north carolina highway historical marker program
North Carolina Highway Historical Marker Program



Marker Text:

      Born in Ireland in 1730, Matthew Locke was raised by his parents John and Elizabeth in Lancaster, Pennsylvania. After his father’s death in 1744, Elizabeth married John Brandon, and eight years later the family moved to Anson County (present Rowan County). In 1752 he purchased 200 acres and built his home on the Charlotte road from Salisbury.

      Matthew Locke entered into a thriving business with his brother Francis Locke operating a fleet of wagons carrying deerskins from the colony’s frontier to Salem, Salisbury, and Charleston, South Carolina. They traded extensively with the Moravian settlements. In 1771, the Rowan County courts appointed him and three others to negotiate with local Regulators. Locke and his companions agreed to repay any unlawful taxes that had been illegally extracted from the individuals. The action so mollified the Regulators in the area that they dispersed. Locke was soon afterwards elected to the Colonial Assembly in which he served until 1775.

      At the outbreak of the Revolution, Locke became a member of the Rowan County Committee of Safety. In 1775 he became a delegate to the Third Provincial Congress in Hillsboro. He continued as a delegate in both the Fourth and Fifth Congresses as well, helping draft the Halifax Resolves. He took part in the drafting of the state’s first constitution in November 1776.

      Although Locke never saw combat during the war, he did serve as a commissary and paymaster for the North Carolina militia. In 1778, due to a perceived Tory threat in the region, Locke received a temporary commission as a brigadier general in the Salisbury District militia but never engaged the enemy. His son, George, was killed in the Battle of Charlotte in 1780.

      Locke served in the North Carolina House of Commons, 1777-1780, 1783-1785, and 1789-1793, as well as the state Senate in 1782 and 1784-85. He also served in the last Continental Congress, 1788-1789. Locke championed the abolition of property qualifications for voting rights, and called for universal manhood suffrage. In education, he supported a bill for founding and endowing Queen’s College and promoted a bill to establish a state university.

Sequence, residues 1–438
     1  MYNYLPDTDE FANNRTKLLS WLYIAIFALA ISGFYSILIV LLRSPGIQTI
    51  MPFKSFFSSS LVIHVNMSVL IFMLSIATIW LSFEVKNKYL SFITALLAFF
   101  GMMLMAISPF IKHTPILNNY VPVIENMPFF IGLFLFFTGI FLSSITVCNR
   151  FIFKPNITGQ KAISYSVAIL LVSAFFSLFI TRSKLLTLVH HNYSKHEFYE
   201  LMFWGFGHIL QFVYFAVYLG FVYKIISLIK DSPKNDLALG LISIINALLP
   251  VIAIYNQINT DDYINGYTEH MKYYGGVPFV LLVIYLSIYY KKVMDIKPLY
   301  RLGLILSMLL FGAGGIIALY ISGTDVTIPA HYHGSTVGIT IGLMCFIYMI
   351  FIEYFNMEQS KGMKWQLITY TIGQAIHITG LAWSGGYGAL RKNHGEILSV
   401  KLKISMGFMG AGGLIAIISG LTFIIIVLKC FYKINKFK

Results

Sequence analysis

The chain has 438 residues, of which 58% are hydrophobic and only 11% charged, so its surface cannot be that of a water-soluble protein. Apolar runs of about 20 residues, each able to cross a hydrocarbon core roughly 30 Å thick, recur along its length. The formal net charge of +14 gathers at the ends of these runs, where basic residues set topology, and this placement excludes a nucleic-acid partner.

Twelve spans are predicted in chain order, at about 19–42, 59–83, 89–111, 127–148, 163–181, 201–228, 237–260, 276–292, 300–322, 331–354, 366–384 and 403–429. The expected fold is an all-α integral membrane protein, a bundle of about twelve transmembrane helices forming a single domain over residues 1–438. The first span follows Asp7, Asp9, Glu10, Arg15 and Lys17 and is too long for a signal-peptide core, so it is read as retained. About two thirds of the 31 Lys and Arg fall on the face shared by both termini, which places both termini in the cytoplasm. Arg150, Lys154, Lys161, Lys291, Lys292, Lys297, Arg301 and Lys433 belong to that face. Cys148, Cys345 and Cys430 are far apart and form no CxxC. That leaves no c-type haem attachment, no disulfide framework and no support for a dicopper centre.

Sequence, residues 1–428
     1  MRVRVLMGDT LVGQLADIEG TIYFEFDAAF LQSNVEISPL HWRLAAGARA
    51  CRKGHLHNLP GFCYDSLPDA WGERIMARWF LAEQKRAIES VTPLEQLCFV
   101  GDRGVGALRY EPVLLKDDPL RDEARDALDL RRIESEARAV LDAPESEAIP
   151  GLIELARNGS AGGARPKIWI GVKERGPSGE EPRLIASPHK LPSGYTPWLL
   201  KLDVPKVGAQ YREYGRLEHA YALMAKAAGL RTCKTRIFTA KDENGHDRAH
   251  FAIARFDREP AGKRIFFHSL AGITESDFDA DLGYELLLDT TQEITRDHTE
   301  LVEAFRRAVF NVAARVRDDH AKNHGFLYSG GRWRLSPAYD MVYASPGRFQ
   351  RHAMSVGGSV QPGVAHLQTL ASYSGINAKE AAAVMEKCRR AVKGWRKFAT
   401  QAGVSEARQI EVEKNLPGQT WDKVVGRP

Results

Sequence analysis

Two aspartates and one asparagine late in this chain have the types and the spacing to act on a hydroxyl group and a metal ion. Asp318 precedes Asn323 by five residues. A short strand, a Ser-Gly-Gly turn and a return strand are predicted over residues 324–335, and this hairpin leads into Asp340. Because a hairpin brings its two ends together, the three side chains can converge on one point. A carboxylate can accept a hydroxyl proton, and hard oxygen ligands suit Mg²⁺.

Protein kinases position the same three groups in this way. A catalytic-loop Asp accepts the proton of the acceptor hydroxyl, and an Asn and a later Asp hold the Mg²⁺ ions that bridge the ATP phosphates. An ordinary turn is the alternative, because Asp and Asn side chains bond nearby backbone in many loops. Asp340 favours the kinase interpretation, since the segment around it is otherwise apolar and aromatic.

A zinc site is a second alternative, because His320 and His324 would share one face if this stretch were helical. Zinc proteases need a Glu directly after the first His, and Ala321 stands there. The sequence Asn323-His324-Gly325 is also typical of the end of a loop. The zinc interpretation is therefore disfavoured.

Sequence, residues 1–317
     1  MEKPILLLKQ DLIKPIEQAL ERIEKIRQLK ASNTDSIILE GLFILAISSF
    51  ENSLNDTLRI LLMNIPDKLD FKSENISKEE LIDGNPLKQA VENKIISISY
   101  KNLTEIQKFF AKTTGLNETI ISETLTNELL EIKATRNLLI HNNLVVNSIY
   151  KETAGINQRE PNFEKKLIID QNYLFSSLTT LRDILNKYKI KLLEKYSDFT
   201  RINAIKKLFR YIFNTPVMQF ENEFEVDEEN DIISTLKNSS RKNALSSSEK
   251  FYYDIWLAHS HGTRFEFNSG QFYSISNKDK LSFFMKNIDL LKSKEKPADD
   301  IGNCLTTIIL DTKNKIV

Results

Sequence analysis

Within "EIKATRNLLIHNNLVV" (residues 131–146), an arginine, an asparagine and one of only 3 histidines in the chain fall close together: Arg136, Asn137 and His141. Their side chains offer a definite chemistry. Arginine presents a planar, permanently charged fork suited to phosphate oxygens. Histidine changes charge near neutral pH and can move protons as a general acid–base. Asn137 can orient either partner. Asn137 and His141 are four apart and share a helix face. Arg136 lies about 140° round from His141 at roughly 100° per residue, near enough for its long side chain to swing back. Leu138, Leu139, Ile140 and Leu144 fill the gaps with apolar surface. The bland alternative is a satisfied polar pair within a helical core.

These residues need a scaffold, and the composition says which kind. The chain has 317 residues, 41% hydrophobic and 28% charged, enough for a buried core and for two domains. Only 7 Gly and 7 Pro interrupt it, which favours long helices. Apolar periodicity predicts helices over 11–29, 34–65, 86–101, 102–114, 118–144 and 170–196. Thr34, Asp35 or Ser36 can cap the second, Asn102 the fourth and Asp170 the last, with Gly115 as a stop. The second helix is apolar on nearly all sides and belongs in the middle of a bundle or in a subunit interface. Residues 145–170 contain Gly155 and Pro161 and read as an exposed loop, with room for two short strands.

In the Constitutional debates at the Hillsborough Convention in 1788, Locke was an outspoken Anti-Federalist. As a United States Congressman, Locke became a leading symbol of Jeffersonian democracy in North Carolina, consistently following the lead of his close friend Nathaniel Macon. Locke was reelected in 1796 and 1798 to serve four more years in the House of Representatives. In the election of 1800, Locke lost his seat to Archibald Henderson, a Federalist, ending Locke’s political career. He returned to his plantation, where he died the following year. At his death, Raleigh Register editor Joseph Gales, a staunch Jeffersonian, recorded the passing of “a friend and fixed Republican” who had “served his state admirably in Congress.” Locke was buried at Thyatira Presbyterian Church.

Walter Clark and William L. Saunders, eds., Colonial Records of North Carolina and State Records of North Carolina, X, XIV, XV, XXIII Hugh F. Rankin, The North Carolina Continentals (1971)
William S. Powell, Dictionary of North Carolina Biography, IV, 81-84—sketch by James S. Brawley
Francis Locke Papers, Southern Historical Collection, University of North Carolina
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north carolina highway historical marker program

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